Mumbai: After a lacklustre performance in the second quarter, several top domestic steelmakers are cutting down on capital expenditure and conserving cash, for what can be described as a long winter before demand revives. Tata Steel, JSW Steel and Jindal Steel and Power (JSPL) have decided to slash their capital expenditure for the year.
Tata Steel, the country's largest private steel maker, reported a consolidated net profit of Rs3302 crore for the September quarter, its profit rising solely because of a one-time favourable tax impact of ₹4,233 crore. JSW Steel, the second largest, also benefited from an exceptional deferred tax provision writeback of ₹1,976 crore in the quarter. The profit before tax, for its part, was ₹688 crore for the quarter, falling 77.2% year-on-year. Tata, Steel, on the other hand, reported a pre-tax loss. JSPL posted a consolidated net loss of ₹399.31 crore for the quarter, against a consolidated net profit of ₹279.17 crore in the year-ago period.
Commenting on Tata Steel, Bhaskar Basu of brokerage firm Jefferies has maintained his underperform call. “Any optimism around margin expansion in Indian operation appears overdone while European margins will stay under pressure. We expect the net debt levels of Tata Steel to also stay elevated," he said.
The profitability in operations has nosedived as steel prices fell. For Tata Steel, Ebitda/tonne of steel fell to ₹9,238 from ₹16,368 in the quarter, while on a consolidated basis, it crashed to ₹6,156 crore from ₹12,713.
For JSPL, steel sales were down 7% quarter-on-quarter while operating profit per tonne fell by Rs1,800 to ₹9,437 per tonne. For JSW, the corresponding figure was Rs7,768, down from Rs12,118 per tonne last quarter.
Over the last four quarters, operating profit margins of the domestic steel industry have been on a slippery ground, declining steadily to 18.2% in Q1 FY20 from 22.6% in Q1 FY19, with production falling to match this. Sluggish domestic demand from end-user segments, including automobile, consumer durable, capital goods, construction and real estate sectors, has led to a slowdown in consumption growth.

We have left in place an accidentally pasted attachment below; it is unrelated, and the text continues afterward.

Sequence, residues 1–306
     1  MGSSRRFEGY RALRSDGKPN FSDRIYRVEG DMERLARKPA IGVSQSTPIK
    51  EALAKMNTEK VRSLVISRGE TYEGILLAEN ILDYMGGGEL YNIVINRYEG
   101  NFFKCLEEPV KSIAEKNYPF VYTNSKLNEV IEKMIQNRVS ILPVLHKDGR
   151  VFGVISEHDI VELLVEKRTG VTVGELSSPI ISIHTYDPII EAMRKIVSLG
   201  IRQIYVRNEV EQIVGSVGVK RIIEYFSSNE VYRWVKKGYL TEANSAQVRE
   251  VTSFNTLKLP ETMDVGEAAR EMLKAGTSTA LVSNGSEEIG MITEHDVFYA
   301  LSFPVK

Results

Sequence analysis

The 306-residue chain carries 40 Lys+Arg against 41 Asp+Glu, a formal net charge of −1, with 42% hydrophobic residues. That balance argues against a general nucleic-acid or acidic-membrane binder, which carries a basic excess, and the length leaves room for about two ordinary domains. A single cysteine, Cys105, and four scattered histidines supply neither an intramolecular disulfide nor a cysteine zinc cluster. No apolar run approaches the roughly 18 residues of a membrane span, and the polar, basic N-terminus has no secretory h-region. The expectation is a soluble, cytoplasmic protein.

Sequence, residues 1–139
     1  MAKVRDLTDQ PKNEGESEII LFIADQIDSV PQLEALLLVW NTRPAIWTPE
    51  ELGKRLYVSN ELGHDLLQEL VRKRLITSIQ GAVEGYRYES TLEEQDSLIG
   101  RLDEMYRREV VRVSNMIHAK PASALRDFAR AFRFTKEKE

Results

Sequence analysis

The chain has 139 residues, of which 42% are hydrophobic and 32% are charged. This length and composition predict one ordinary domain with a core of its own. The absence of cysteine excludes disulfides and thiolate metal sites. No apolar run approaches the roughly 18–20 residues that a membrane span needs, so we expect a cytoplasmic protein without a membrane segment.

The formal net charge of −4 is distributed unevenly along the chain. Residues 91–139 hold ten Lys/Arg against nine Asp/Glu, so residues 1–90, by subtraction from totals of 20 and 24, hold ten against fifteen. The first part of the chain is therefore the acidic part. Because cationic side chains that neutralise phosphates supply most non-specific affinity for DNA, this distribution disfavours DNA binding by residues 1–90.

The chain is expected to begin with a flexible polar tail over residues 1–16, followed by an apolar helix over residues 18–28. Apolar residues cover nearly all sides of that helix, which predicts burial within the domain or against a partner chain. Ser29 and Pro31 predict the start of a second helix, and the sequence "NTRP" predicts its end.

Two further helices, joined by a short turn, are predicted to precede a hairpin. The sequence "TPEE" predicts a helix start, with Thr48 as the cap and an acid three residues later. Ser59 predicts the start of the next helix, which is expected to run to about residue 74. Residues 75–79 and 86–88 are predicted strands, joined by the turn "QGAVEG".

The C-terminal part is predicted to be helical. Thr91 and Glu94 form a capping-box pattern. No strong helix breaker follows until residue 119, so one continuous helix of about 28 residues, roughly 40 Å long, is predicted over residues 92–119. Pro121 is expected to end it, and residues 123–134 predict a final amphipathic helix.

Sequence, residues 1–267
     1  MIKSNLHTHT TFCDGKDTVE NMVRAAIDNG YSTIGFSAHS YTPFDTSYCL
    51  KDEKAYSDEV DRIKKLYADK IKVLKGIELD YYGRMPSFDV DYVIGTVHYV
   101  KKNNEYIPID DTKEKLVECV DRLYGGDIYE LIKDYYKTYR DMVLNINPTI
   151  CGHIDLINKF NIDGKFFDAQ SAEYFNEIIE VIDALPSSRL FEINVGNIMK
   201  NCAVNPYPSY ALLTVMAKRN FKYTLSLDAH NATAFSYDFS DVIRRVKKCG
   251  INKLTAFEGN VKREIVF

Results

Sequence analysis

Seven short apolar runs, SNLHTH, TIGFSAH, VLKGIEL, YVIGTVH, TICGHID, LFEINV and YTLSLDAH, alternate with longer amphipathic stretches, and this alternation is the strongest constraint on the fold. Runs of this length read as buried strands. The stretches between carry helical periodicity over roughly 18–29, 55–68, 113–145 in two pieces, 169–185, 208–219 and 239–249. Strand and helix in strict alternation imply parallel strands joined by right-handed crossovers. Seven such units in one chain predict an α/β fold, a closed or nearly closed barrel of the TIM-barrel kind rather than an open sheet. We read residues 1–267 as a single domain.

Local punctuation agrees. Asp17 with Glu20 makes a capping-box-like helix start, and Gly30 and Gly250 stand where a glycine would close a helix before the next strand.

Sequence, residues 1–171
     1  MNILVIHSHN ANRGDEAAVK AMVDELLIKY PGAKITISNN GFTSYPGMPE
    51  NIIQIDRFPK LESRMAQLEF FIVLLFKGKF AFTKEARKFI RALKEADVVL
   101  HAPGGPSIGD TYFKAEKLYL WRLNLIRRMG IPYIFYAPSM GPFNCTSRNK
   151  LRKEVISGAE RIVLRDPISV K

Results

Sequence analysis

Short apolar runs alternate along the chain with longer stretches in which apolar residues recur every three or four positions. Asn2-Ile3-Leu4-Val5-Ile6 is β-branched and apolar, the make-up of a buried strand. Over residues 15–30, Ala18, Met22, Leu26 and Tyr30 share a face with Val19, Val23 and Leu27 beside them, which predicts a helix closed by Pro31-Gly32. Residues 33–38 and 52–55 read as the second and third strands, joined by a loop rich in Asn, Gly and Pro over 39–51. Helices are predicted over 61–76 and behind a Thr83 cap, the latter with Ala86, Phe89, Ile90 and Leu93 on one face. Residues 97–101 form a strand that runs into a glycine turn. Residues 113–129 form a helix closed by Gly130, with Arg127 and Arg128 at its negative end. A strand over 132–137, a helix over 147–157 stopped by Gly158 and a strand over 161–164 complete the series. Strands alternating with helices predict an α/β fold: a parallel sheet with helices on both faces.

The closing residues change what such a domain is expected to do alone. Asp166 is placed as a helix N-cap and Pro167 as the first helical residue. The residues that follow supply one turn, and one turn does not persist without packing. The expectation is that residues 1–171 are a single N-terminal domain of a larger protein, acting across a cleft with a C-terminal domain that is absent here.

A Crisil research report from September found that smaller steel mills have undertaken maintenance shutdowns ranging from a week to a few weeks through the second quarter. In a recent conversation with Mint, RK Goyal, managing director Kalyani Steel, a manufacturer of autograde steel, said: “There are no buyers in the market today. It is not iron ore problems for us but sales are not happening. We have cut production by 25-40% in the last 15 days. There are just no prices in the market today."
Companies have uniformly slashed their capital expenditure plans for the fiscal.
JSW cut the year’s outlay to ₹11,000 crore from ₹15,708 crore, and trimmed its sales guidance to 16mt for the year from 16.95 million tonnes (mt). "We feel that we will be able to meet 97% of the guidance," MVS Seshagiri Rao, joint managing director and group CFO, JSW Steel, said. "Even if we perform in the second half of this fiscal as well as we did last year, we will not be able to make up for the losses incurred in the first half."
Tata Steel’s management has also said it would recalibrate its capital expenditure plan for FY20, which had been ₹8300 crore,. In the second quarter, the company spent Rs2,325 crore in the September quarter and Rs4,895 crore so far this fiscal. However, it might consider scaling back capital expenditure if the market sentiment does not improve. "We are focusing on unlocking value from our capital expenditure plans and not on increasing volumes," Koushik Chatterjee, executive director and CFO, Tata Steel, said at a press conference on Wednesday. This is the second time this fiscal that Tata Steel has cut its capex guidance, which had stood at ₹11,000 crore at the start of the year.
The dismal market sentiment has also affected Tata Steel’s debt reduction plans. Tata Steel has gross debt of ₹1,11,549 crore, which went up by ₹4900 crore through the quarter. The company had a stated aim of reducing debt by $1 billion a year. But the management indicated they will only be able to pay back about $500 million of that target this year.
Companies are hoping the worst is behind them. Seasonally, the October-March period is better in terms of steel consumption, as the annual monsoon season ends and construction activity resumes. The average domestic spreads over April-September 2019 were well below the average FY19 levels, a research report by Crisil said. “However, with raw materials playing catch-up, the spreads are likely to improve in second half of the year. But a substantial pick up in the consumer demand and government and private sector spending is required to arrest the fall in demand."
Chatterjee of Tata Steel echoed the sentiment in a post-earnings interaction with journalists. “We need consumption to return, especially in the rural market, and consumers have to become optimistic about the future. This means more money in the hands of buyers, either through lower taxes or higher minimum support prices in agriculture. This will lead to consumption returning either as vehicle purchases or as demand for white goods like refrigerators and washing machines." Until then, these companies are in wait and watch mode.